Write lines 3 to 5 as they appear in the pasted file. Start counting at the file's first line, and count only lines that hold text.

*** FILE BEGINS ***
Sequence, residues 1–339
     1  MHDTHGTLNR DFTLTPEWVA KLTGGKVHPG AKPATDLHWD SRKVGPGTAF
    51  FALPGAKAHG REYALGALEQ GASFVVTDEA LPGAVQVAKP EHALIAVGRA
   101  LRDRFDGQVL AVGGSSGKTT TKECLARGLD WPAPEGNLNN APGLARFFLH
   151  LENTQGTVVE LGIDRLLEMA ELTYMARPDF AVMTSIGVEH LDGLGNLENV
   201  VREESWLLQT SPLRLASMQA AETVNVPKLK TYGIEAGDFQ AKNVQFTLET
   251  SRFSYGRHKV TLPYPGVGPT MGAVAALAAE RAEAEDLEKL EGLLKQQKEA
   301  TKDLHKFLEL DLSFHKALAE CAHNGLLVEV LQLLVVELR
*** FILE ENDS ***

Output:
    51  FALPGAKAHG REYALGALEQ GASFVVTDEA LPGAVQVAKP EHALIAVGRA
   101  LRDRFDGQVL AVGGSSGKTT TKECLARGLD WPAPEGNLNN APGLARFFLH
   151  LENTQGTVVE LGIDRLLEMA ELTYMARPDF AVMTSIGVEH LDGLGNLENV